Magazine article Screen International

Crazy, Stupid, Love

Magazine article Screen International

Crazy, Stupid, Love

Article excerpt

Dir: Glenn Ficarra and John Requa. US. 2011. 118mins

The complexities of the heart are given a dispiritingly glib once-over in Crazy, Stupid, Love., a comedy-drama that pretends to be a honest look at relationships when it's really just burdened with simplistic characters and sitcom set-ups. Star and producer Steve Carell provides a dependable soulfulness to this story about a troubled marriage, but the increasingly preposterous plotting makes the film hard to love or even like.

Dan Fogelman's screenplay strains to be ambitious.

Opening domestically July 29, this Warner Bros. release should appeal to two generations of date-night crowds, with Carell and Julianne Moore courting older viewers while Ryan Gosling and Emma Stone bring in younger moviegoers. Nonetheless, a lack of a sexy hook means that Crazy, Stupid, Love. will need good word-of-mouth to ensure that it's a sturdy, long-haul performer amidst a summer marketplace brimming with bigger, louder offerings.

Crazy, Stupid, Love. focuses on Cal (Carell) and Emily (Julianne Moore), a couple who have been married since they were teenagers. But one night, Emily announces she wants a divorce, admitting that she's slept with someone else. Heartbroken, Cal turns to Jacob (Gosling), a handsome lady-killer he meets in a bar who instructs the suddenly single Cal on the art of wooing women.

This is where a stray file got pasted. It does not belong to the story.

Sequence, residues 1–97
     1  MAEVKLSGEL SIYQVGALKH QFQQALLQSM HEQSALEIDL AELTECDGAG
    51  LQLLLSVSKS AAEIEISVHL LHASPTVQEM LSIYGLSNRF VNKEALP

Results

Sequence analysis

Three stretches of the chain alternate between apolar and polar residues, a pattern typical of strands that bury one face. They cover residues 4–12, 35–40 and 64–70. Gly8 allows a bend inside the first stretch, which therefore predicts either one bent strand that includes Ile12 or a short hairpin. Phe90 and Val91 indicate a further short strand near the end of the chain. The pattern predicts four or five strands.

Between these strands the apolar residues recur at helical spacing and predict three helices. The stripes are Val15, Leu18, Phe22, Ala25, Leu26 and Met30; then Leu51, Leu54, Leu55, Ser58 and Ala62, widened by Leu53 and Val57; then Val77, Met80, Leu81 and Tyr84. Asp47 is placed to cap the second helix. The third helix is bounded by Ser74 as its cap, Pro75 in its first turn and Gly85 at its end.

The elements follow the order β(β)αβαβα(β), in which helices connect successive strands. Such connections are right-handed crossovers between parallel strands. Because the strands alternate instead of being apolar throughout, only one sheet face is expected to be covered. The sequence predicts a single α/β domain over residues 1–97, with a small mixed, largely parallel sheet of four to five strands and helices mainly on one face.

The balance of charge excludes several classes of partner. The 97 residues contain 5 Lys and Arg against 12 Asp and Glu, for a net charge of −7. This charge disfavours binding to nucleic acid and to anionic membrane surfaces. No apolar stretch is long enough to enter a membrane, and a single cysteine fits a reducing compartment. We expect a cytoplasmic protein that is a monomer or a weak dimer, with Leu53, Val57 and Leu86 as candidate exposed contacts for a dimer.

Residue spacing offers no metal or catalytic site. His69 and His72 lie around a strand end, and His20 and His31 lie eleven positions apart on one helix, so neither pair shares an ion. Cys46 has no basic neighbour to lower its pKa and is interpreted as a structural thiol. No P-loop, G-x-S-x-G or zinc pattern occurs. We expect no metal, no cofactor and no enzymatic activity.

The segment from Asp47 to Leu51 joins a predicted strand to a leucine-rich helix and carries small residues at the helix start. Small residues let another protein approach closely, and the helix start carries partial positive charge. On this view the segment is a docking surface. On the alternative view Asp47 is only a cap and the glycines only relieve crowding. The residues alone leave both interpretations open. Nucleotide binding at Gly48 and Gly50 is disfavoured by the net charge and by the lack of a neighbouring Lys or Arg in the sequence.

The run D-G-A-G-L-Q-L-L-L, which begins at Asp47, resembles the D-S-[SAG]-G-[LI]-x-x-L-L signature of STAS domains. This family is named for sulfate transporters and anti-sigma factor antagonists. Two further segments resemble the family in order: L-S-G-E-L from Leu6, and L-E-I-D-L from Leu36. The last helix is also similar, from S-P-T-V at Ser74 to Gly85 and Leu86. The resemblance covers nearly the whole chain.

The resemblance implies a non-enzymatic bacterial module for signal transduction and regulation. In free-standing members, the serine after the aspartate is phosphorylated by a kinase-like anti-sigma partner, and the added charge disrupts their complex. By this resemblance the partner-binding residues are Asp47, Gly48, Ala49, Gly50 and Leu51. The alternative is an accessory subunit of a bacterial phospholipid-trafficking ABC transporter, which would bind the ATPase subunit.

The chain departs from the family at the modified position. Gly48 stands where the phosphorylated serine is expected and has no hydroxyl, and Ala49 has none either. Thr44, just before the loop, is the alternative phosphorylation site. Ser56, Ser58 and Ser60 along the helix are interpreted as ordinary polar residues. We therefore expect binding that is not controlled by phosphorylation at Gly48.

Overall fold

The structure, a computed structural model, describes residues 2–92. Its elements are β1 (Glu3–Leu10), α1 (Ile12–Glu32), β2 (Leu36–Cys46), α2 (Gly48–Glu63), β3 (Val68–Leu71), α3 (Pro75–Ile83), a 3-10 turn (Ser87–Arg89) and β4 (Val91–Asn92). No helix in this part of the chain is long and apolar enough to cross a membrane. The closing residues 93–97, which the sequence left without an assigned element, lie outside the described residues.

Directed by Glenn Ficarra and John Requa, who previously helmed I Love You Phillip Morris and were the writers on Bad Santa, Crazy, Stupid, Love. represents a more polished, less anarchic side of the filmmaking team's personality. Unfortunately, Dan Fogelman's screenplay strains to be ambitious, not just looking at Cal and Emily's marital worries but also creating a roundelay of romantic problems for the peripheral characters in which just about everyone we meet is either pining for someone or is in an unsatisfying relationship.

The exception is Gosling's heartthrob character, but despite the actor's cocky confidence Jacob never transcends clichés. While Jacob's over-the-top talent at seducing women is meant to be a comic exaggeration, his willingness to take Cal under his wing is never satisfactorily explained, nor is his later evolution into a more loving guy fully believable. …

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